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New Religious movements

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New religious movement. Ernst Troeltsch's church-sect typology, upon which the modern concept of cults, sects, and new religious movements is based.

New religious movement

A new religious movement (NRM) is a religious community or spiritual group of modern origins, which has a peripheral place within its nation's dominant religious culture. NRMs may be novel in origin or they may be part of a wider religion, in which case they will be distinct from pre-existing denominations. Scholars studying the sociology of religion have almost unanimously adopted this term as a neutral alternative to the word cult, which is often considered derogatory.[1][2] Scholars continue to try to reach definitions and define boundaries.[3] A NRM may be one of a wide range of movements ranging from those with loose affiliations based on novel approaches to spirituality or religion to communitarian enterprises that demand a considerable amount of group conformity and a social identity that separates their adherents from mainstream society.

Rosicrucian.

Possibilianism

Paganism. Japanese new religions. Japanese new religions are new religious movements established in Japan.

Japanese new religions

In Japanese they are called shinshūkyō (新宗教?) Or shinkō shūkyō (新興宗教?). Japanese scholars classify all religious organizations founded since the middle of the 19th century as "new religions"; thus, the term refers to a great diversity and number of organizations. Most came into being in the mid-to-late twentieth century and are influenced by much older traditional religions including Shinto, Buddhism, and Hinduism. Cao Đài. Raëlism. Raëlism , or the Raëlian Movement , is a UFO religion that was founded in 1974 by Claude Vorilhon , now known as Raël .

Hindu reform movements. Several contemporary groups, collectively termed Hindu reform movements or Hindu revivalism, strive to introduce regeneration and reform to Hinduism, both in a religious or spiritual and in a societal sense.

Hindu reform movements

The religious aspect mostly emphasizes Vedanta tradition and mystical interpretations of Hinduism ("Neo-Vedanta"), and the societal aspect was an important element in the Indian independence movement, aiming at a "Hindu" character of the society of the eventual Republic of India. History[edit] From the 18th century onward India was being colonialised by the British. In contrast to the Muslim domination,[dubious ] this colonialisation had a huge impact on Indian society, where social and religious leaders tried to assimilate western culture and modernise Hindu culture. Unitarian Universalism. Unitarian Universalism[2][3][4] is a liberal religion characterized by a "free and responsible search for truth and meaning".[5][6] Unitarian Universalists do not share a creed but are unified by their shared search for spiritual growth.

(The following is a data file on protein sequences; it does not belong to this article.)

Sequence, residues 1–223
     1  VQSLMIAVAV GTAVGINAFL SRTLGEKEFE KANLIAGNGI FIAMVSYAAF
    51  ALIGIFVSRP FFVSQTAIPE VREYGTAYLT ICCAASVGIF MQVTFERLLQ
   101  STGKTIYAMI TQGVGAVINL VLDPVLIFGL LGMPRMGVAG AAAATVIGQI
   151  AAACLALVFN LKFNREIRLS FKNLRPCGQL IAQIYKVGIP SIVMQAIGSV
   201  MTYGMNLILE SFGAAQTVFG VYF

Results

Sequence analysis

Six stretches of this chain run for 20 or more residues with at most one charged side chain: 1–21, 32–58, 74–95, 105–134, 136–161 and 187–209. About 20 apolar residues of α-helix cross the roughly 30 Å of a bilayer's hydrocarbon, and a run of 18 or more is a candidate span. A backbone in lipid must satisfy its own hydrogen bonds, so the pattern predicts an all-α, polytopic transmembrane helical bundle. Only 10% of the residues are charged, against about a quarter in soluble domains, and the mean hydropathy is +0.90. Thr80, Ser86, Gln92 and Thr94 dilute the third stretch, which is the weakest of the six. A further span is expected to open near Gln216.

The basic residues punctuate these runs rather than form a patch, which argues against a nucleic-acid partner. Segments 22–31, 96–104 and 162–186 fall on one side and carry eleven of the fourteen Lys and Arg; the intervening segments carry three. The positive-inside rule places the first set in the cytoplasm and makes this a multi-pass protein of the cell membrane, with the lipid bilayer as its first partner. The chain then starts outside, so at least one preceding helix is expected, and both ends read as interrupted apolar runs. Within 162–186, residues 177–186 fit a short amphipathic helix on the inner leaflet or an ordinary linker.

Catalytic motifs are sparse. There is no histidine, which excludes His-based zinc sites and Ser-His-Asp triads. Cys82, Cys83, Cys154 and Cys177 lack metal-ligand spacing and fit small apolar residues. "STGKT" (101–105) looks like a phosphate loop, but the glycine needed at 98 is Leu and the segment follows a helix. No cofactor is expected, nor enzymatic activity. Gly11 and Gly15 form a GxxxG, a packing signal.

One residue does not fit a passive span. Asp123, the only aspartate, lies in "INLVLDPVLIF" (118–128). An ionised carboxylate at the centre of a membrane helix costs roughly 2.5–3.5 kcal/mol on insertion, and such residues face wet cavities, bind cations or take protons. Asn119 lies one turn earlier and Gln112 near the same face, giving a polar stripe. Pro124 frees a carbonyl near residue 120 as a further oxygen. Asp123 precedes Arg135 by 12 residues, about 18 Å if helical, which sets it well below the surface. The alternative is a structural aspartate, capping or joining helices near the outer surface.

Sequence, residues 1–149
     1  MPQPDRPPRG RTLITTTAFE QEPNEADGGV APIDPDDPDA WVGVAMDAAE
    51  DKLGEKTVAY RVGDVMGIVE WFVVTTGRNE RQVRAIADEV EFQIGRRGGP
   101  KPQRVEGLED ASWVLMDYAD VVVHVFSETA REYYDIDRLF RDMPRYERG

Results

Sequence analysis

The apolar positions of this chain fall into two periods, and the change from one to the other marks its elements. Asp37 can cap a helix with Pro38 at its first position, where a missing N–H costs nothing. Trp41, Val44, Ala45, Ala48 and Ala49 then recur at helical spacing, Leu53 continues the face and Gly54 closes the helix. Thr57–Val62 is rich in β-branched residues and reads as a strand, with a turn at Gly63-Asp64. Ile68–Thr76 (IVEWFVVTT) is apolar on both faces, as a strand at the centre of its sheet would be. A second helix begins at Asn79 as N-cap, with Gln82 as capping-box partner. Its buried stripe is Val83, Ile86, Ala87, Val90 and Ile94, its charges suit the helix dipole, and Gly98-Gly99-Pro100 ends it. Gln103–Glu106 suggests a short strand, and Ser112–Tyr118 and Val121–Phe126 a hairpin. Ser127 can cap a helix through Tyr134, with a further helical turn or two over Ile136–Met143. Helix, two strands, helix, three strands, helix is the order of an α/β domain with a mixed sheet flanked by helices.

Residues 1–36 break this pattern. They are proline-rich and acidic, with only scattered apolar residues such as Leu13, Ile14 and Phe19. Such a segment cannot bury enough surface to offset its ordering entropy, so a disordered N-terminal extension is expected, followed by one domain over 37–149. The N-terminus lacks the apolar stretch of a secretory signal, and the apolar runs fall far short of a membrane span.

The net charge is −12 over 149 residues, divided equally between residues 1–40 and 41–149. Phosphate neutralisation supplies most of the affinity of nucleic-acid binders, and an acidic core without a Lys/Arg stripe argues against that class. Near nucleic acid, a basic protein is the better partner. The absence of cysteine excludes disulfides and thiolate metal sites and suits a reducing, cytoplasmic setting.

Unitarian Universalism

The roots of Unitarian Universalism (UU) are in liberal Christianity, specifically Unitarianism and Universalism. Unitarian Universalists state that from these traditions comes a deep regard for intellectual freedom and inclusive love, so that congregations and members seek inspiration and derive insight from all major world religions.[7] Noahidism. The rainbow is a modern symbol of Noahidism.

Noahidism

Noahidism ((/ˈnoʊə.haɪd.ɪsm/); alternatively Noachidism (/ˈnoʊə.xaɪd.ɪsm/)) is a monotheistic ideology based on the Seven Laws of Noah, and on their traditional interpretations within Rabbinic Judaism. According to Jewish law, non-Jews are not obligated to convert to Judaism, but they are required to observe the Seven Laws of Noah. If they accept and fulfill these commandments with the conviction that Yahweh commanded them in the Torah as transmitted by Moses, and are careful to observe them in accordance with the relevant details within the Torah law, they are assured of a place in the World to Come (Olam Haba), the final reward of the righteous.[1][2] The Divinely ordained penalty for violating any of these Noahide Laws is discussed in the Talmud, but in practical terms that is subject to the working legal system that is established by the society at large.